Friday, October 18, 2019

Number 2402: Humbug and Mad: variations on a theme

I was 10 years old in 1957, and aware of the buzz on the movie, Baby Doll, from a play by Tennessee Williams. I thought the images of actress Carroll Baker sucking her thumb were odd, but not only was I only 10, I was completely naïve about sex and sexual symbolism. Baby Doll was controversial because of its sexual theme. But all of it went over my head.

That summer I bought Humbug #1 at a local pharmacy. Later in the summer I bought Mad #35. Both of them took off on the image of Carroll Baker. Humbug did a more traditional satire, probably written by editor Harvey Kurtzman, and Mad did a 4-page mash-up of Williams’s plays, Baby Doll, A Streetcar Named Desire, and The Rose Tattoo, drawn by Wallace Wood. Despite my innocence, I “got” the Humbug satire, but was puzzled by Mad. That was because at the time I knew more about Tennessee Ernie Ford* than Tennessee Williams.

When looking at Humbug and its bad printing, it did not match Mad, but I recognized the names Harvey Kurtzman and Jack Davis from the Mad Reader paperback. (And Humbug cost 10¢ less than Mad; important for a kid with a small allowance.) I knew more about Mad than I did sex. Not impossible, because I knew nothing about sex except I liked looking at pictures of actresses like Carroll Baker, Marilyn Monroe, and especially the incredible Brigitte Bardot . . . sigh. Oops, I’m going off into a reverie. Sorry about that.

The Humbug scans come from my copy of Humbug #1, and the Mad scans come from the CD set, Totally Mad.

*From YouTube, Tennessee Ernie’s biggest hit, “16 Tons”.


Daniel [] said...

I had a girlfriend who was a great admirer of the works of Tennessee Williams. For my part, I regard most of his plays as very odd without their managing to be particularly surreal.

I'm amongst those who think that Feldstein's Mad Magazine suffers greatly by comparison to Kurtzman's Mad Comics. But I'm not enthusiastic about Kurtzman's later efforts, and here I think that Mad Magazine produced something significantly better.

“Doll-Baby” doesn't succeed as a lampoon of the movie or of the play. Most of the jokes have no peculiar association with either; they could have be applied to many other things, and the reader cannot otherwise infer the much of the plot, characterizations, or worldview.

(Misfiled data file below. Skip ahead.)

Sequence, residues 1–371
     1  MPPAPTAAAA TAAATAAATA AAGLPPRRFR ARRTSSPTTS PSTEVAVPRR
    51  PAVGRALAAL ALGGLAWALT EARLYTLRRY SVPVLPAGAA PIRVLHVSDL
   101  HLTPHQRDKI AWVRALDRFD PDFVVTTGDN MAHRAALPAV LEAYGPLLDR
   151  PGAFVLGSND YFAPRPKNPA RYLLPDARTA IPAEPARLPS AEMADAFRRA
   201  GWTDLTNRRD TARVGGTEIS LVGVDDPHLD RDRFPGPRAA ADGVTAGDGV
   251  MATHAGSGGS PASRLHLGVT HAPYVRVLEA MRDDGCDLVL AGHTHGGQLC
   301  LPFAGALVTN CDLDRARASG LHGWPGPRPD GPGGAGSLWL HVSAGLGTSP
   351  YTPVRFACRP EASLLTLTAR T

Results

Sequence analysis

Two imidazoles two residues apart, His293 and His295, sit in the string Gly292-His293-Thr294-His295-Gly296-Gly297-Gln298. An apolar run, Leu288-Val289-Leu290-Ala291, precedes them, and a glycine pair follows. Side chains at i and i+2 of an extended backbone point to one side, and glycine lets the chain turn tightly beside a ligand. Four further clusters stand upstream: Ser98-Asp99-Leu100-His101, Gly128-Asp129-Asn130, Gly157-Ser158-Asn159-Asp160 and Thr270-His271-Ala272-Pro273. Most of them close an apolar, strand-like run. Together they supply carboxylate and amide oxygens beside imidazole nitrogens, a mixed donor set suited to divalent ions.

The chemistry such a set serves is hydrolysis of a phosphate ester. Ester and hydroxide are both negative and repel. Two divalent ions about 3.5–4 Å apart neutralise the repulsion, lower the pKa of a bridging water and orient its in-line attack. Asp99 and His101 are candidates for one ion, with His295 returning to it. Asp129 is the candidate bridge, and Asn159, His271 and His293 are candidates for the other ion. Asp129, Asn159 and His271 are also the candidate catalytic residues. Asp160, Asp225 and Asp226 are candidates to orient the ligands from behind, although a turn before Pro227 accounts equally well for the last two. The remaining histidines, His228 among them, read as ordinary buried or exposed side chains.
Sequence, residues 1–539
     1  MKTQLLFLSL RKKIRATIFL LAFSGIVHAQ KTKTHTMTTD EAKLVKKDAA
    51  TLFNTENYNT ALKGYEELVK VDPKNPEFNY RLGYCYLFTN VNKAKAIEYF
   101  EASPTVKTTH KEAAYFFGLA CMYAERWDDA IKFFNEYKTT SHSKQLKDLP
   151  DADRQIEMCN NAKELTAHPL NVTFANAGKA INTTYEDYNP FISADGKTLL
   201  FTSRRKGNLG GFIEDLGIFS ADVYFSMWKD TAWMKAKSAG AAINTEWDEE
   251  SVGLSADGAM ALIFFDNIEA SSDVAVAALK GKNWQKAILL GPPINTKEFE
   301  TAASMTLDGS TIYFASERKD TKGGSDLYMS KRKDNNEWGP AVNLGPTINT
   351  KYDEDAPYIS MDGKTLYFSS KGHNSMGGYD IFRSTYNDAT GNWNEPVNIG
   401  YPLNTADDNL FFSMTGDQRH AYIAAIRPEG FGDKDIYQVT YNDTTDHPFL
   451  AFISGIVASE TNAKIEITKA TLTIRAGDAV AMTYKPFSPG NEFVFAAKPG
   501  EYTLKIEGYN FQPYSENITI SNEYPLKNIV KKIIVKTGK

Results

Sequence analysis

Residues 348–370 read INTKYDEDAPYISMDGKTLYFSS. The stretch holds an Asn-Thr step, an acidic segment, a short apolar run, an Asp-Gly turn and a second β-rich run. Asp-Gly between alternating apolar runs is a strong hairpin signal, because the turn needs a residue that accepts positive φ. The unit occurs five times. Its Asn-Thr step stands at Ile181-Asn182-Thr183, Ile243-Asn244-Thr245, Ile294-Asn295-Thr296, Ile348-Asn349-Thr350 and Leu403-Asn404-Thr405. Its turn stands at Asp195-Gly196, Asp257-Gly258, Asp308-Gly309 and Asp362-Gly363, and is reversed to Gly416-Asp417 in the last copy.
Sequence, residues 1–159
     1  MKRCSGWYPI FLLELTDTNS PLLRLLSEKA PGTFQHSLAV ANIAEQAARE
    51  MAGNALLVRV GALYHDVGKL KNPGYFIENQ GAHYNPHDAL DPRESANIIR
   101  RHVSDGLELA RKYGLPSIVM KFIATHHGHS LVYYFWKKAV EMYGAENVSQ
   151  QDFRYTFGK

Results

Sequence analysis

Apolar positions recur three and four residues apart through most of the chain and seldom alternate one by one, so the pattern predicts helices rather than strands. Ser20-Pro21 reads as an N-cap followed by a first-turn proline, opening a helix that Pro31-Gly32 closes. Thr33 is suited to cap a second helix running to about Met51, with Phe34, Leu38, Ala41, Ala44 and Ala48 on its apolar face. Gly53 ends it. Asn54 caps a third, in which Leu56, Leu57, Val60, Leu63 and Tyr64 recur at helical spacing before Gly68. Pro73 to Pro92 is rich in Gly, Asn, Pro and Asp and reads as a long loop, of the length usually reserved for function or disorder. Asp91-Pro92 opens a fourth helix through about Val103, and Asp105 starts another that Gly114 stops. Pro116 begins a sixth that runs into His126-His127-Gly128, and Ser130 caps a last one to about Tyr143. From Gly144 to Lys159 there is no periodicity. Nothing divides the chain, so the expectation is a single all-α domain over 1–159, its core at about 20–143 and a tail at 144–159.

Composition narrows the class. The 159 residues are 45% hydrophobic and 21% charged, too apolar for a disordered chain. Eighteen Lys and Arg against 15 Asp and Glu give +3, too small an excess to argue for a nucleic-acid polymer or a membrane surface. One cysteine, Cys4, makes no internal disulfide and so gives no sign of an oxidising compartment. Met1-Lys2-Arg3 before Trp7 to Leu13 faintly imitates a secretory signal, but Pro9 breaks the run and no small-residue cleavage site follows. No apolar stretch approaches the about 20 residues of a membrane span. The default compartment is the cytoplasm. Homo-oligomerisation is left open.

I acknowledge that “Sin-Doll Ella” pursues an objective of a different sort; it doesn't aim to lampoon a specific work, but Williams' but rather the general flavor of his works, at least as they were presented in film adaptations of that era. But I think that it's more successful in that pursuit. (By the way, the mash-up draws upon Cat on an Hot Tin Roof as well as to the other works that you name. But, as its film was not released until late in the summer of 1958, I guess that Mad must have looked to the stage play.)

Kirk said...

I used to have a paperback reprint with Sin-Doll Ella in it, and I still crack up at the two pigs talking.

Brian Barnes said...

The Humbug version is better, IMHO, but the cartoon hallway gag just does not translate to comics, I think that was a miss.

Wood did great work on the Mad version, for sure. All the staples of Wood are there, the pretty girls, the muscled men, I'm surprised there's no wires and gadgets around!

Pappy said...

Brian, which reminds me...I wonder how many times I have seen that hallway and opening doors gag in movies or television? Done right it can be funny, but I'll bet it was used on stage years before there were movies; it is a really old joke.

Pappy said...

Daniel, I am not a particular fan of Tennessee Williams' work, but his plays were popular. The movies I have seen based on those plays sometimes seem stagy to me. Brando in A Streetcar Named Desire is an example in my opinion.